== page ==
“‘Repent, Harlequin!’ Said the Ticktockman,” by Harlan Ellison
Appeared in Galaxy in December 1965; won the 1966 Hugo Award for best short story; won the 1965 Nebula Award; anthologized in World’s Best Science Fiction: 1966
Not sure how many words
I was pretty underwhelmed when I finally got around to reading this. I’ll admit that the prose style and the unserious tone are awesome, especially the cheeky 1984 reference. Maybe that stuff was striking and innovative when this piece was first published, but today, treating serious subject matter with complete irreverence is unremarkable. The same goes for the dystopian plot. (Maybe the moral is that even small, doomed acts of rebellion can make a difference in the long run? Sure, whatever.) It doesn’t help that the characters are deliberately paper-thin.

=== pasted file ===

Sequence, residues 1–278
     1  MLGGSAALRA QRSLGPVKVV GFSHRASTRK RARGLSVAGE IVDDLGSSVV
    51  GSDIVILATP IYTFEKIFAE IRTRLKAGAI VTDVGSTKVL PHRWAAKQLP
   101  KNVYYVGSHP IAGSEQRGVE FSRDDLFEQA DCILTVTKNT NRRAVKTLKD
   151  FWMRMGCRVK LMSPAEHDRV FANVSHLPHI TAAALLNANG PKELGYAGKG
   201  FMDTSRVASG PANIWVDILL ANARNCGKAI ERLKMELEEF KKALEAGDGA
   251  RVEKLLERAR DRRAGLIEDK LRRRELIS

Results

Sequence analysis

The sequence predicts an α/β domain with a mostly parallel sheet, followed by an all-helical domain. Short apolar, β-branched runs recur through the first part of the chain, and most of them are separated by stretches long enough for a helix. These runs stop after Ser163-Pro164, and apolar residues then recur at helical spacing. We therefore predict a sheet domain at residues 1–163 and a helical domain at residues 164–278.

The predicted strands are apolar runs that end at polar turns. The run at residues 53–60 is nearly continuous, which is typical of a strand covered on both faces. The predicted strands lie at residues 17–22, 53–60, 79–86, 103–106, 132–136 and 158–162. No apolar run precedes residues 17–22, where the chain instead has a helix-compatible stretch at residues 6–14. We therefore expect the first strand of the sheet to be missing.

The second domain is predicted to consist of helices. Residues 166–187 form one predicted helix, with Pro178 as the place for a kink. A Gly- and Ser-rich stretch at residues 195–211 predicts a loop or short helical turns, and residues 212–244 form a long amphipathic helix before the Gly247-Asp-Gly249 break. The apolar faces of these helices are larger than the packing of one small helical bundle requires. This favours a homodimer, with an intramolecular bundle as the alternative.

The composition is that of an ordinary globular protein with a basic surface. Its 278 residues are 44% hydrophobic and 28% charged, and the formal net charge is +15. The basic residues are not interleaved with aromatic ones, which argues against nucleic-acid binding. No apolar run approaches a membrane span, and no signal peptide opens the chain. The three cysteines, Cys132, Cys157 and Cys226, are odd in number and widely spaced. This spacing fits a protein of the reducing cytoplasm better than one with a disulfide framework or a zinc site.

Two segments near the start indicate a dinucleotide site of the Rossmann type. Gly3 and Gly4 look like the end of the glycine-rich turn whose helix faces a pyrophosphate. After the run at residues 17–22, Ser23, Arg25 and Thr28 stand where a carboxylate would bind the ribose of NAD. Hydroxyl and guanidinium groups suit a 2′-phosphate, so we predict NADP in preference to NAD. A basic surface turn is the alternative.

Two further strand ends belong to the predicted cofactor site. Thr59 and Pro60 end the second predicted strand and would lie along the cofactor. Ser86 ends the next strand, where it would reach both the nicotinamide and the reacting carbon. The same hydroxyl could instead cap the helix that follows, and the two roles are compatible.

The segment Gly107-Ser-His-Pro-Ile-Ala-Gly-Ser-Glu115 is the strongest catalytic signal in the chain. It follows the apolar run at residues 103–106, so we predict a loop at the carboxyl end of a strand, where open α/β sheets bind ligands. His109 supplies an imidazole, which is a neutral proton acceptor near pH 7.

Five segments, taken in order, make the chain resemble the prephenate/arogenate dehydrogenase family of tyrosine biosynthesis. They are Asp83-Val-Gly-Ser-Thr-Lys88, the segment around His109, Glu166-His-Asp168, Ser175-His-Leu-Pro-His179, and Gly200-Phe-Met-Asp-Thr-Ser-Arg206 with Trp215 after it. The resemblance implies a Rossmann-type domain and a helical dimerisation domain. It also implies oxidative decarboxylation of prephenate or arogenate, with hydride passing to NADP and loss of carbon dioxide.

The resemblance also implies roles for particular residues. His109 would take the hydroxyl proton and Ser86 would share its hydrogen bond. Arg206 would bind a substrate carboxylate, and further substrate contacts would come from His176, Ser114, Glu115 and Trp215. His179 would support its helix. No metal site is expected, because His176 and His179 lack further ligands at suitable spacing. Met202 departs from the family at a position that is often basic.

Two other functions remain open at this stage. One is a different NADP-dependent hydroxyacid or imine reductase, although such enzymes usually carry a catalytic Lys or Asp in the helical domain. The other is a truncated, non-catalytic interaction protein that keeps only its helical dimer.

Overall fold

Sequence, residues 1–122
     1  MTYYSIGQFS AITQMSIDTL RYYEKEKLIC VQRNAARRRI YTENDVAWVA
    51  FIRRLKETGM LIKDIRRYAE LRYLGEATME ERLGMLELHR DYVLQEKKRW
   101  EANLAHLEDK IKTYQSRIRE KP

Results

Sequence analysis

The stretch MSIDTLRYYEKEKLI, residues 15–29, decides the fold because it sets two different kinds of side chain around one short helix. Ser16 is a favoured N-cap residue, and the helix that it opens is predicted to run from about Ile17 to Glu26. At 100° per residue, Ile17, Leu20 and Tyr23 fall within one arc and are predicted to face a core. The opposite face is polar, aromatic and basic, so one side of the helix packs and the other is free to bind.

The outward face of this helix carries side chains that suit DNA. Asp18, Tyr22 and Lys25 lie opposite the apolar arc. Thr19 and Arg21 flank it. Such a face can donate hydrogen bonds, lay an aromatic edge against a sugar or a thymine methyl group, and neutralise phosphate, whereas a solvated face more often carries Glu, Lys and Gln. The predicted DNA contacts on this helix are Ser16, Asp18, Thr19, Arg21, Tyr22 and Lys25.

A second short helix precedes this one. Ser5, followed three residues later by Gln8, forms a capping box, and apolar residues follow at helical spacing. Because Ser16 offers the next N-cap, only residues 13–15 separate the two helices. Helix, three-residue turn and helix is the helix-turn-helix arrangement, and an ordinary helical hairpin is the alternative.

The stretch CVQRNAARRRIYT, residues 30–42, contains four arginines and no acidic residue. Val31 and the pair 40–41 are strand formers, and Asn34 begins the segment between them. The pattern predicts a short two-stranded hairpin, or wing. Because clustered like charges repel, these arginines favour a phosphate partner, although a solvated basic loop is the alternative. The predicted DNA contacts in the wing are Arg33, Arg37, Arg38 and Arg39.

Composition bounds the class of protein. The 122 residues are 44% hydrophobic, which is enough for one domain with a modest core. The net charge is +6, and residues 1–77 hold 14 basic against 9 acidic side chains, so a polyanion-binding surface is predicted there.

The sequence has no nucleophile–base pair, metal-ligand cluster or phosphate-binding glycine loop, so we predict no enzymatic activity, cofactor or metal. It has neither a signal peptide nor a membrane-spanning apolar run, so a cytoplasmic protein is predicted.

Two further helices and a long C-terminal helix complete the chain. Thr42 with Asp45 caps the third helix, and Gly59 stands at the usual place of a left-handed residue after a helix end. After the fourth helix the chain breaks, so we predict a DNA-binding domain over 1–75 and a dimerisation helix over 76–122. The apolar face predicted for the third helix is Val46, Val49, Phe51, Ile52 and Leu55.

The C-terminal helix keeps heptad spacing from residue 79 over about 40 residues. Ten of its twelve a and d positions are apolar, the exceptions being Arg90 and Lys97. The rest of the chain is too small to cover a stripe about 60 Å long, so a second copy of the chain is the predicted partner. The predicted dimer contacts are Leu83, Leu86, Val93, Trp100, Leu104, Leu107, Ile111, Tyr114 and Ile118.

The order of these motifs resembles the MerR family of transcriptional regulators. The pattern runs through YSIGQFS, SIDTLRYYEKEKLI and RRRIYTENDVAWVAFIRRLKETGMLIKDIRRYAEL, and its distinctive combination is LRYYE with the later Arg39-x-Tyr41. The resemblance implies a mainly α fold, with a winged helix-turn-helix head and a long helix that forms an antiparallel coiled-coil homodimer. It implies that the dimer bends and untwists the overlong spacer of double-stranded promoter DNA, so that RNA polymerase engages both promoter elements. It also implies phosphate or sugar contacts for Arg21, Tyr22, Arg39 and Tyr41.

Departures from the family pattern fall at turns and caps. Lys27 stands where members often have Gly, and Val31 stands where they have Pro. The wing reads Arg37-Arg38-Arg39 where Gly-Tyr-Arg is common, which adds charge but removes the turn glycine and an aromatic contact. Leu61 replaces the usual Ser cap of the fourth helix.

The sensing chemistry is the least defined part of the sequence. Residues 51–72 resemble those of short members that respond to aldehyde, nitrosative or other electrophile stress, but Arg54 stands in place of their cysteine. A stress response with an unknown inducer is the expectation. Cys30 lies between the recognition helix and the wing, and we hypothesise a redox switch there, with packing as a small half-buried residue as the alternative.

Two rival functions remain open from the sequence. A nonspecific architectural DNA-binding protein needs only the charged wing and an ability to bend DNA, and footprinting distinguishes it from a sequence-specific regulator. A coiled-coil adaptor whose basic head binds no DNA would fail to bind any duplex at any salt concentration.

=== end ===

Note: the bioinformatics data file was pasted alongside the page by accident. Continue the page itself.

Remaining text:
I feel like “‘Repent'” fails for the same reason any story of its kind must fail. You can use the techniques of storytelling to deny that stories hold meaning, but you just end up undermining yourself.